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London soldier attack suspect arrested in 2010, says Kenyan official

May 26, 2013 12:00:00 AM PDT
A suspect in the savage killing of a British soldier in London last week was arrested in Kenya in 2010.

According to an anti-terrorism police official, Michael Adebolajo was arrested while apparently preparing to train and fight with al Qaeda-linked Somali militants.

Kenyan officials said Adebolajo, who was carrying a British passport, was then handed over to British authorities in the East African country.

Adebolajo was arrested with five others near Kenya's border with Somalia, Kenya's anti-terrorism police unit chief Boniface Mwaniki told The Associated Press. Police believed Adebolajo was going to work with Somali militant group al-Shabab.

According to Mwaniki, Adebolajo was deported from Kenya after his arrest. Kenya's government spokesman said he was arrested under a different name, and taken to court before being handed to British authorities.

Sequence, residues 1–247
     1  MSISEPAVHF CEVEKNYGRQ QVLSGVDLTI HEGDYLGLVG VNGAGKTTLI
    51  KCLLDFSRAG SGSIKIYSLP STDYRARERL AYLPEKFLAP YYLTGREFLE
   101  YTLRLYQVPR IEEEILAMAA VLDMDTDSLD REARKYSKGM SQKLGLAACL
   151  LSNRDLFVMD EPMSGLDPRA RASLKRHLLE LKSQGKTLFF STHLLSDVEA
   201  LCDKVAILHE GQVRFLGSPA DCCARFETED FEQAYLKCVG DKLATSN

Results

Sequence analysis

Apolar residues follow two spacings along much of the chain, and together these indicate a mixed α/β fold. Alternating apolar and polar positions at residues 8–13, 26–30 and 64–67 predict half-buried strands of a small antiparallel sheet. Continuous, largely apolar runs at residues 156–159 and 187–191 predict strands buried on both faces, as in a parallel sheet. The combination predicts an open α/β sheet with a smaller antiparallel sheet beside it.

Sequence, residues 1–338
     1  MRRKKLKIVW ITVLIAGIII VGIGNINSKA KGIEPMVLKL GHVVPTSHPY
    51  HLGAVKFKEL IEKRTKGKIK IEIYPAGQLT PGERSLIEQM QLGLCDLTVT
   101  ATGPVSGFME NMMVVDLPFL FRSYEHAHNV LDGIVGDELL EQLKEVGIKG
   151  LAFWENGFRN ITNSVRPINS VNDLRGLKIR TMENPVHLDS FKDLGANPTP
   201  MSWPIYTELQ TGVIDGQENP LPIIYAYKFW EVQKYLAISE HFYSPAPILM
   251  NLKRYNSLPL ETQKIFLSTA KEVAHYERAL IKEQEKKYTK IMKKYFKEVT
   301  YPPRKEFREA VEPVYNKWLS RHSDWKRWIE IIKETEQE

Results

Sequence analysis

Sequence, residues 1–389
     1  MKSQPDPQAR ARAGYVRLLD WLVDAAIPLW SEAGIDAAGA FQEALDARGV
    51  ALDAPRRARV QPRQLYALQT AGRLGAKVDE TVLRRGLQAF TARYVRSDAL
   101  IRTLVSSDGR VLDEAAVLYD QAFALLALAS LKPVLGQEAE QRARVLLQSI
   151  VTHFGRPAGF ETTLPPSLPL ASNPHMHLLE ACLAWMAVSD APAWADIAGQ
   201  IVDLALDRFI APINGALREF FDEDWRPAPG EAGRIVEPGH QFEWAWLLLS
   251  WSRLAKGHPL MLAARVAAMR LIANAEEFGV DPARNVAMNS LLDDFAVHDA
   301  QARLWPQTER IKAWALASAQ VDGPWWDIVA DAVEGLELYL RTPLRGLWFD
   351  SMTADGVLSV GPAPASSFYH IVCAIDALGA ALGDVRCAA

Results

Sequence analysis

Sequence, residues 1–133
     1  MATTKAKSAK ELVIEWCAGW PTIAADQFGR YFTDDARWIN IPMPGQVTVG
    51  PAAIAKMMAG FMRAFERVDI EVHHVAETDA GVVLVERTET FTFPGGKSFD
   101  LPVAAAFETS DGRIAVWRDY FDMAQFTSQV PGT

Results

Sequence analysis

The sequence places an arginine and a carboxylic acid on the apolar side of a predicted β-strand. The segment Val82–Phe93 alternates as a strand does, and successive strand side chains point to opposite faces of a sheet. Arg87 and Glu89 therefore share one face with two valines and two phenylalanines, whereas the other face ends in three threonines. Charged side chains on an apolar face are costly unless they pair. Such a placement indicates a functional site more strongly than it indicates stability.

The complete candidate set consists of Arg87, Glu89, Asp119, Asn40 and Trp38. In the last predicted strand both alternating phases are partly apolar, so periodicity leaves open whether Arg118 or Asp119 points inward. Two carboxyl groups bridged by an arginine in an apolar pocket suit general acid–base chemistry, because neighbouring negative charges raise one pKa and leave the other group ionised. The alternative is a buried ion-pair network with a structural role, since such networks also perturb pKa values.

This latest information surfaced as London's Metropolitan Police said specialist firearms officers arrested a man on Sunday, who is suspected of conspiring to murder 25-year-old British soldier Lee Rigby. Police gave few details about the suspect, only saying he is 22 years old.

A total of nine suspects have been taken into custody regarding Rigby's horrific killing in London. Two have been released without charge, and one was released on bail pending further questioning. No one has been charged in the case.

The British soldier, who had served in Afghanistan, was run over, then stabbed with knives in the Woolwich area in southeast London on Wednesday afternoon as he was walking near his barracks.

Adebolajo, 28, and Michael Adebowale, 22, are the main suspects in the killing and remained under armed guard in separate London hospitals after police shot them at the scene.

Meantime, Rigby's grieving family visited the scene of his killing in London on Sunday, pausing for a few moments in reflection and laying flowers to join the hundreds of floral tributes already left at the nearby Woolwich Barracks by well-wishers.

The Associated Press contributed to this report.


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